Tc2 is the Curie temperature of the second magnetic layer and

(c) meets the requirements of

Hc1 >Hw1 +Hb, Hc2 >Hw2 +Hb

at room temperatures,

where

Hc1 is the coercive force of the first magnetic layer

Hc2 is the coercive force of the second magnetic layer

Hw1 is the shift quantity of inversion magnetic field due to the exchange force of the first magnetic layer

Hw2 is the shift quantity of inversion magnetic field due to exchange force of the second magnetic layer

Hb : applied magnetic field at recording (Hb>0).

"The proposed magneto-optic recording apparatus included a magneto-optic recording information medium having at least two magnetic layers with vertical magnetic anisotropy, one layer of which keeps its direction of magnetization constant and does not cause flux reversal at recording and reproducing, a beam emitting element which projects a beam on the magneto-optic recording information medium to record or reproduce information, and a magnetic field generator which generates a magnetic field to be applied to a portion of the magneto-optic recording information medium projected by the beam emitting element while keeping the direction of magnetic field constant.

Now, referring to an drawings, the explanation of this medium and apparatus will be given in more detail as follows.

FIG. 1(a) is a schematic diagram showing an outline of a magneto-optic recording information medium and the essential part of a magneto-optic recording apparatus which records information on the medium as have been proposed in the Japanese Patent Application Laid-Open No. 1-119244 (1989) mentioned above. FIG. 1(b) is a partial section taken along a circumference of the magneto-optic recording information medium and also includes a graph showing the variation of laser beam power for information recording on the magneto-optic recording information medium.

In FIG. 1(a) and (b), numeral 11 denotes a magneto-optic recording information medium, 20, a laser beam from a laser beam emitting element which projects the beam onto the magneto-optic recording information medium 11 to record or reproduce information, and 16, a beam spot which is generated by condensing the laser beam 20 through an objective lens 5 to be projected on the magneto-optic recording information medium 11.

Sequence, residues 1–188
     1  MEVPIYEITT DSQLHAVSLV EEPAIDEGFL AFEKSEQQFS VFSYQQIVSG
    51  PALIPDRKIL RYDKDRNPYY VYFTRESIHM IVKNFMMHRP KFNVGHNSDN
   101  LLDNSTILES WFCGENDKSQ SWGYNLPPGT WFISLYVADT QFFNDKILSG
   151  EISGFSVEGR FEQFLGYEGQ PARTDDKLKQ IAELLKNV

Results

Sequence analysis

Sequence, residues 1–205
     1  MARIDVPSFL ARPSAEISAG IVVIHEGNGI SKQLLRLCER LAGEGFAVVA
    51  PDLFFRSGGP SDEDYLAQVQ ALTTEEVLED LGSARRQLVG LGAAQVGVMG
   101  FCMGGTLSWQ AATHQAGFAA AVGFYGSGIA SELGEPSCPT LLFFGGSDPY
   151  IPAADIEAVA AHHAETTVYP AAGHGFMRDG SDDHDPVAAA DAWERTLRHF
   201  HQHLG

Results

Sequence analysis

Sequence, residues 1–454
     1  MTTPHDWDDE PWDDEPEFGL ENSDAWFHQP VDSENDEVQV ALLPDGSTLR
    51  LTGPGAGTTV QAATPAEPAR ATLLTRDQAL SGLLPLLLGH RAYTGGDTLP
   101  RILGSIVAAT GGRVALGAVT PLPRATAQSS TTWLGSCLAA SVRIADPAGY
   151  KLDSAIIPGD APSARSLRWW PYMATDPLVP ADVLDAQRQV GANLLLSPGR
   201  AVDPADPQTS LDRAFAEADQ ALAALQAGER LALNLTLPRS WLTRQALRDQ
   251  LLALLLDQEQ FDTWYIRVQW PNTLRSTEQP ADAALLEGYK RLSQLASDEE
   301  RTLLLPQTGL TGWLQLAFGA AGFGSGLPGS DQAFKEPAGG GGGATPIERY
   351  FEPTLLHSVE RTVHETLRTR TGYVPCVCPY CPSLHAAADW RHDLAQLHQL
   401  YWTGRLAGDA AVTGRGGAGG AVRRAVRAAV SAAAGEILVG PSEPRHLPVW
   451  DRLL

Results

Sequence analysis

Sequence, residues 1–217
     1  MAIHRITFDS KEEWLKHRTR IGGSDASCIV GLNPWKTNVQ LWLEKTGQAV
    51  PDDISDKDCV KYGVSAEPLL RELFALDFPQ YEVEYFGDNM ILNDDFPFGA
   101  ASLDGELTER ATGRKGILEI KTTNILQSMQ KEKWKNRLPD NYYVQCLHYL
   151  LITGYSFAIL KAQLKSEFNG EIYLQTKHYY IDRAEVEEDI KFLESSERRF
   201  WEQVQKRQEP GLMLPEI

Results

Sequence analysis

Numeral 18 denotes a magnetic field generator which generates a magnetic field having a constant direction and is applied to a laser beam projected portion on the magneto-optic recording information medium 11.

Numeral 2 denotes a substrate made of glass or plastics.

Numeral 13 denotes a first magnetic layer, which is laminated on the substrate 2 and has vertical magnetic anisotropy.

Numeral 14 denotes a second magnetic layer, which is laminated on the first magnetic layer 13 and has vertical magnetic anisotropy. The second layer 14 is bonded to the first magnetic layer 13 with exchange force and does not cause flux reversal at recording or reproducing, thus keeping the direction of magnetization constant.

Numeral 7 denotes an area with binary data "1" indicating that the direction of magnetization of the first magnetic layer 13 is directed upward in FIG. 1(b).

The first magnetic layer 13 and the second magnetic layer 14 are composed of a rare earth metal-transition metal alloy and have relations Tc1 <Tc2 (where Tc1 and Tc2 are the Curie temperatures of the first and the second magnetic layers 13 and 14 respectively) and Hc1 >Hw1 +Hb, Hc2 >Hw2 +Hb (where Hc1 and Hc2 are the coercive forces of the first and the second magnetic layers 13 and 14 at a room temperature, Hw1 and Hw2 are the exchange bonding force of the first and the second magnetic layers 13 and 14 at a room temperature, and Hb is a magnetic field generated by the magnetic field generator.